Gold rises from a two-week low as rate cut hopes fade

by Jonathan Adams
Gold futures

Spot gold was 0.4% higher at $2,342.73 per ounce, having reached its lowest level since May 9 at $2,325.19 on Friday

Gold prices inched higher on Monday from a two-week low touched in the previous session as traders gauged fading hopes of U.S. interest rate cuts ahead of a key inflation report due later this week.

Spot gold was 0.4% higher at $2,342.73 per ounce, as of 0543 GMT, having reached its lowest level since May 9 at $2,325.19 on Friday. U.S. gold futures also jumped 0.4% to $2,343.60.

Bullion reached a record high of $2,449.89 earlier last week, but has declined more than $100 since then.

I suspect gold can manage a small bounce from current levels before retesting the $2,280-$2,300 zone, which could see losses extended if U.S. data continues to outperform, according to City Index senior analyst Matt Simpson.

The core PCE price index, the preferred inflation measure for the U.S. Fed, is due on Friday.

Bullion is known as an inflation hedge, but higher rates increase the opportunity cost of holding non-yielding gold.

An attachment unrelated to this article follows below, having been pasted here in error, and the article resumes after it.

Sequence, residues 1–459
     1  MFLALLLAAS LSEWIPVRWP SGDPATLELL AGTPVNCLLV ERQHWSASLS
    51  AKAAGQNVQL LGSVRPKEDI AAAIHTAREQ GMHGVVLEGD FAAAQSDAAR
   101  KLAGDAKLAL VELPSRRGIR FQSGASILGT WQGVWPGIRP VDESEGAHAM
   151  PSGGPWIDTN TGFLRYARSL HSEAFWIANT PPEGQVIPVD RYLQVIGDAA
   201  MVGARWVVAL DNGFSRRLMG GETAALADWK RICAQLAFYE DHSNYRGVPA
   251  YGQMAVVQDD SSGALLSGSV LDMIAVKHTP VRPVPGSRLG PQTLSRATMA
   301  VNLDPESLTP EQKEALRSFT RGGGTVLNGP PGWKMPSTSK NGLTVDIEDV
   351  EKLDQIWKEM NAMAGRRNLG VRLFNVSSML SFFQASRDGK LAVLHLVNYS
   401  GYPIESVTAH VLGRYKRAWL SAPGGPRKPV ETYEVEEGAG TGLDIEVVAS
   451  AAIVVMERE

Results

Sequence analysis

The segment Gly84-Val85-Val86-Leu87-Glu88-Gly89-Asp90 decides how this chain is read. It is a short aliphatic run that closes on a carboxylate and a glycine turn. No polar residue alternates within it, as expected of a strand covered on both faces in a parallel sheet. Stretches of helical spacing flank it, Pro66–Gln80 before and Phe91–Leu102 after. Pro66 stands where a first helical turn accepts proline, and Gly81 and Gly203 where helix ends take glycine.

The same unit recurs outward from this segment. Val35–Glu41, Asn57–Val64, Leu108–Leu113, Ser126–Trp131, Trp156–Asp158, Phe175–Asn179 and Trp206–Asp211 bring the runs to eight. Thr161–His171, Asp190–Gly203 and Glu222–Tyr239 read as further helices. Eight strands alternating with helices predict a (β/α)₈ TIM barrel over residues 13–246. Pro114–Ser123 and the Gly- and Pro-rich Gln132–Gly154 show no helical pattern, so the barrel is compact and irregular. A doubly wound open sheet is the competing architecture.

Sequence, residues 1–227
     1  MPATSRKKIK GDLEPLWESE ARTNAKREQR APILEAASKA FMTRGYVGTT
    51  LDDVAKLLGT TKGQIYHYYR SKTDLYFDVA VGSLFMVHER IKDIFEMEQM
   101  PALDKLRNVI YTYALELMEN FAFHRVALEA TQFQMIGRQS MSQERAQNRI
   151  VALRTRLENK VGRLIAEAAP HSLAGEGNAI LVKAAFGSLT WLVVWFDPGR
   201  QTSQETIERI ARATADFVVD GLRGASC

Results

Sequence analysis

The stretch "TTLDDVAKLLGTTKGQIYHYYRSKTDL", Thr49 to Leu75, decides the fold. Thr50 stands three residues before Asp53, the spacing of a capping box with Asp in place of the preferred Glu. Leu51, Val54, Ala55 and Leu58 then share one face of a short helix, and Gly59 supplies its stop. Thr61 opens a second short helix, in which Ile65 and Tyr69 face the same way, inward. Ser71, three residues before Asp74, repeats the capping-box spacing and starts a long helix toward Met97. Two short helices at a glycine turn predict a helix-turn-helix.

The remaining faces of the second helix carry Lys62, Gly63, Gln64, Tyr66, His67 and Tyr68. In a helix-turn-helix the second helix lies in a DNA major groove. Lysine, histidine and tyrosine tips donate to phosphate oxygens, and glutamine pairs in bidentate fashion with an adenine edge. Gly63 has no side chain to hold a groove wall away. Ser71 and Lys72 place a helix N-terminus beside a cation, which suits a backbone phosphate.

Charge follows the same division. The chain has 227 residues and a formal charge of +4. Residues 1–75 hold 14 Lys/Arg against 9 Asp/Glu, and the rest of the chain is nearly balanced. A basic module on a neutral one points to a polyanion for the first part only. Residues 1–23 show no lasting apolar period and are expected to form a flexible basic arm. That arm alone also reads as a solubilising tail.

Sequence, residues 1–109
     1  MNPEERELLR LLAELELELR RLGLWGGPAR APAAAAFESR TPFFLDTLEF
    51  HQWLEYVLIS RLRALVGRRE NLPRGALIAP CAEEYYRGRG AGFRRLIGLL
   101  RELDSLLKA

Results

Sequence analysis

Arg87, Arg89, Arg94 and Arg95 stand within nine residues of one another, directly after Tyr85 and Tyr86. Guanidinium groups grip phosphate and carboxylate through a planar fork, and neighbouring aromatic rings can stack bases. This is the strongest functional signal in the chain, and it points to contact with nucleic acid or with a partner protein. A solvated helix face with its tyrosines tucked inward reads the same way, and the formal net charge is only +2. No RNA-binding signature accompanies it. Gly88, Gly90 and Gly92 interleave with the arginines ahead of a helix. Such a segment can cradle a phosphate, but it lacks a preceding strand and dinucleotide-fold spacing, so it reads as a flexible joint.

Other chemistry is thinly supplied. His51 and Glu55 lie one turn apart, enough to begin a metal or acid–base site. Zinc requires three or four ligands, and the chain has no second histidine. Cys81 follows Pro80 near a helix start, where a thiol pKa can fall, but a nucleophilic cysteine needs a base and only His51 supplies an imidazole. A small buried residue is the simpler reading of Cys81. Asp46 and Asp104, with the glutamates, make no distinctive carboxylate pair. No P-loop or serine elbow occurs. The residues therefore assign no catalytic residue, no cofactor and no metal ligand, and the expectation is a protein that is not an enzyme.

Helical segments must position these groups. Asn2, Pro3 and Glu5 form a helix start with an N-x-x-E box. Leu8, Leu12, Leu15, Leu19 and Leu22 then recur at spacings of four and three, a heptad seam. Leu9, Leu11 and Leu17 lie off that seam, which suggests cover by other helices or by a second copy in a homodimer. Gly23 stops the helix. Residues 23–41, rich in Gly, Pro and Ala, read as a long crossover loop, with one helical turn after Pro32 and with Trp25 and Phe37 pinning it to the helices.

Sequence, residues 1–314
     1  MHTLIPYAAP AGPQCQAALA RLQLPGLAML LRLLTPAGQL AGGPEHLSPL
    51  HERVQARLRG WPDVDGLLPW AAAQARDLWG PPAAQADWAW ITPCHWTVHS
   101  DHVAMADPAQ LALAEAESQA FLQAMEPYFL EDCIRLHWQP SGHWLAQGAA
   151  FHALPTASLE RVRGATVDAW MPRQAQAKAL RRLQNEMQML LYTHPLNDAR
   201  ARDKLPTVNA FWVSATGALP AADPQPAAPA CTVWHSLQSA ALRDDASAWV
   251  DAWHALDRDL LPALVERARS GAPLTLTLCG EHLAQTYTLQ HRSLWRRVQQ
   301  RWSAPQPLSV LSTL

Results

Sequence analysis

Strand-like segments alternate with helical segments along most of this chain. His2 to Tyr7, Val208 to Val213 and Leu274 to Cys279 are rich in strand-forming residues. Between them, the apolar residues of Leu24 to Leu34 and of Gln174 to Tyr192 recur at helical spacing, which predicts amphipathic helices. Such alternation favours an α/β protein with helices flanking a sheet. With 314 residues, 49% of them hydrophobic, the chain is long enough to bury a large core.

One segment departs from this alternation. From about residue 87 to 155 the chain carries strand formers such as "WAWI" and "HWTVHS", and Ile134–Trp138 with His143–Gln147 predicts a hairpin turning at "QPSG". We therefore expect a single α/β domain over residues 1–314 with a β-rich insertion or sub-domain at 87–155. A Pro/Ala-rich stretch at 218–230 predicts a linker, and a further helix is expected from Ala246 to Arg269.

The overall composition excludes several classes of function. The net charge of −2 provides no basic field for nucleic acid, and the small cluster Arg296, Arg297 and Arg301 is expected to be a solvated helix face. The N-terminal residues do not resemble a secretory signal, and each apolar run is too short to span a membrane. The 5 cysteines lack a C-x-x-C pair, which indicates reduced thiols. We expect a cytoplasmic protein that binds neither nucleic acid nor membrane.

With bullish fingers being burned at the highs and forcing some to liquidate and others to switch to the bear-camp, I doubt we’ll see a new high soon with the Federal Reserve maintaining their ‘higher-for-longer’ narrative with interest rates, Simpson added.

Minutes from the Fed’s meeting published last week showed the central bank’s path to 2% inflation could take longer than anticipated.

Traders’ bets suggested growing scepticism that the Federal Reserve will reduce rates more than once this year, currently pricing in nearly a 62% probability of a rate reduction by November, as per the CME FedWatch Tool.

As per Reuters technical analyst Wang Tao, spot gold may test resistance at $2,352 per ounce, a break above could open the way towards $2,363.

Gold demand in India marginally improved last week after prices corrected from a record high, but retail purchases stayed lower than normal, prompting dealers to widen discounts.

Disclaimer: The opinions expressed by our writers are their own and do not represent the views of Trading and Investment News. The information provided on Trading and Investment News is intended for informational purposes only. Trading and Investment News is not liable for any financial losses incurred. Conduct your own research by contacting financial experts before making any investment decisions.

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